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Rolls-Royce gears up for electric future

From Ayesha Durgahee, CNN
  • Rolls Royce are trailing a new electric version of their Phantom
  • Car is fitted with large battery pack and can be charged using wireless induction
  • Louis Palmer's solar taxi has traveled around the world promoting clean energy
  • Palmer met James Cameron and Ban Ki-moon on his travels

London (CNN) -- There are now more alternative energy cars on the road that ever before -- solar ones, hydrogen ones and fast electric ones like Tesla Motors' Roadster.

Even the luxury market is starting to experiment as Rolls-Royce give its $530,000 Phantom an electric makeover.

"Things are changing in the world quite dramatically and we have to move with those changes. But our customers need to tell us where they want us to go," said Richard Carter, Rolls-Royce's director of global communications.

"That will help us make a very clear decision with regard to drive trends for Rolls-Royce in the years to come. This is what we're trying to find out this year. It maybe perfection or it may be far too much of a compromise."

Rolls-Royce has spent more than a million dollars to make a working prototype -- the 102EX. It has the largest battery pack to be fitted to any vehicle, the company says.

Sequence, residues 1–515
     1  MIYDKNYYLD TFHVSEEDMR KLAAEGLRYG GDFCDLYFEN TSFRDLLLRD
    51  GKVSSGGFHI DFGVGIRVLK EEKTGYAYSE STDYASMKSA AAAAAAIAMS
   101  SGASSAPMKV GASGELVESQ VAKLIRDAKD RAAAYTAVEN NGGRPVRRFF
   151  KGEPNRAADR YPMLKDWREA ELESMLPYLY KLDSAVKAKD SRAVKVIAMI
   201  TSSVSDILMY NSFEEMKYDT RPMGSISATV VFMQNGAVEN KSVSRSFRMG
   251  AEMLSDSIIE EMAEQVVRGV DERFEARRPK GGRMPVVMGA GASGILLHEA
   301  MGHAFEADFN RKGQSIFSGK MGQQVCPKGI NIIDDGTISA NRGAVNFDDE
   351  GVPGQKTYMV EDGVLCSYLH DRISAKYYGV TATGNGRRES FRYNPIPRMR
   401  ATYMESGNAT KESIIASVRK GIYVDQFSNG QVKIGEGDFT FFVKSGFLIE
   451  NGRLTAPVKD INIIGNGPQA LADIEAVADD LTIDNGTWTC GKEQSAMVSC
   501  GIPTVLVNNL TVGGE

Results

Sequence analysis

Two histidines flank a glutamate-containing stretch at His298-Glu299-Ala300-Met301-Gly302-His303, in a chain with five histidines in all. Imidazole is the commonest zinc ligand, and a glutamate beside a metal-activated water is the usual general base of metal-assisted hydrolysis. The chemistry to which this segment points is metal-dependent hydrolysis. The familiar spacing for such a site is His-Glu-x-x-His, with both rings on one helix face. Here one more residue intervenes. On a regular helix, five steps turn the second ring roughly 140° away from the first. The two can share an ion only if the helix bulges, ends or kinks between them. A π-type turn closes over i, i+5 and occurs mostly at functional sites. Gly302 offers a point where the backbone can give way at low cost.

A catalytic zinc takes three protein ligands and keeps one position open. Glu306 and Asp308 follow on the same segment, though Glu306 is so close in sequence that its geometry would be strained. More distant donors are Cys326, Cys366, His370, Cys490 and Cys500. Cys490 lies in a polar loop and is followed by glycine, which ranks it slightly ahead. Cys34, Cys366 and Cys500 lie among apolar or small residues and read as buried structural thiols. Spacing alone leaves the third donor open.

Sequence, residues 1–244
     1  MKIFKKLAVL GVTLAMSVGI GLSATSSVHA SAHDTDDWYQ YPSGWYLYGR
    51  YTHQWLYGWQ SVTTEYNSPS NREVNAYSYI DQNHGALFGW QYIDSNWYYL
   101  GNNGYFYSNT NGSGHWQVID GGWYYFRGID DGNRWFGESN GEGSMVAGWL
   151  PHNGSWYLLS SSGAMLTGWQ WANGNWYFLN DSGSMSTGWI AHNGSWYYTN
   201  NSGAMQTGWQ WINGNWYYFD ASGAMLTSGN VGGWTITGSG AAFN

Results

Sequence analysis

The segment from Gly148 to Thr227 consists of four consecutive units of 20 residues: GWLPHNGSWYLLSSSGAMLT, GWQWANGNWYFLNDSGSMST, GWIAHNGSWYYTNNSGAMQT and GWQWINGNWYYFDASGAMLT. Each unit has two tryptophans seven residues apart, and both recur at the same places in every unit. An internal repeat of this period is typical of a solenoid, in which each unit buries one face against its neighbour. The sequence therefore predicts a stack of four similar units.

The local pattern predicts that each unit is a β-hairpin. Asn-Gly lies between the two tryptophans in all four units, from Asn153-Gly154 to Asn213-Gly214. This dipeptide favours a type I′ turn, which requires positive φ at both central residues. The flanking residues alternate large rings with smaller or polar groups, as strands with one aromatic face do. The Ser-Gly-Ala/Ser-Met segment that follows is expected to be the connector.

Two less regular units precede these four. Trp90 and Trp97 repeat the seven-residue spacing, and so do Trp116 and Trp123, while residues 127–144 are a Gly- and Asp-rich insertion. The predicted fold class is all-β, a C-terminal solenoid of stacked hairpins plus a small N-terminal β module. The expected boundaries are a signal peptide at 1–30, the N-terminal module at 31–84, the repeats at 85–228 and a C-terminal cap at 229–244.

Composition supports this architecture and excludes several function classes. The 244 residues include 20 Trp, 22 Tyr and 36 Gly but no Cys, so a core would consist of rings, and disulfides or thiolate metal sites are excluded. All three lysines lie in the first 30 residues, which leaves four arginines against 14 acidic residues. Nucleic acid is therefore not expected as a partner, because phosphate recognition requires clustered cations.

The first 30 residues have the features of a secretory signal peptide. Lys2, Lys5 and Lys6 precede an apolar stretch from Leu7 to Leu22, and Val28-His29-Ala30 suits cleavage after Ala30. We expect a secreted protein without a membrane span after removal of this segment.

Gearing up for a 'green' future
The car is fitted with a series of coils underneath the car and we have a matching plate that is fitted to the ground
--Andrew Martin, Rolls-Royce chief engineer

And the way it can be charged -- by electromagnetic induction -- may provide an eco-solution for all cars, on and off the road.

"The car is fitted with a series of coils underneath the car and we have a matching plate that is fitted to the ground," Rolls-Royce chief engineer, Andrew Martin said.

The car is charged wirelessly using an inductive charge which generates electricity straight into the battery, he says.

"Eventually the intention would be that the pad would be put into the floor of someone's garage or their parking space. You would drive the car in, park the car, the two systems would 'handshake' and the car would start charging," Martin said.

The company Rolls-Royce are working with on the pads (Halo IPT) hope to fit them to roads one day -- charging cars inductively as people drive.

Electric cars appear to be evolving faster than other green vehicles at the moment, but Louis Palmer, creator of the Solar Taxi thinks cars powered by the sun are ready for the mass market.

"All cars in the world can be solar powered -- it's all possible. That's my vision," Palmer said.

"We have to replace billions of cars which are running with fossil fuels. We are still not prepared for this even though the technology is here."

Palmer spent two years driving his taxi around the world raising awareness. He's had thousands of people sit in the passenger seat including United Nations Secretary General, Ban Ki-moon and the film director, James Cameron.

With ten hours of sunshine the solar taxi can be driven for two hours before it needs recharging.

"The idea is to have 10-square meters of solar panels on top of your house. From there you feed electricity into the grid and you can access any power outlet and feed your battery. And 10-square meters of solar electricity gives you 15,000 kilometers a year," Palmer said.

We are all used to jumping into our cars, driving 200-300 miles, making a pit stop and then carry on driving. But this mindset is changing as more people swap the pump for the plug when they run out of juice.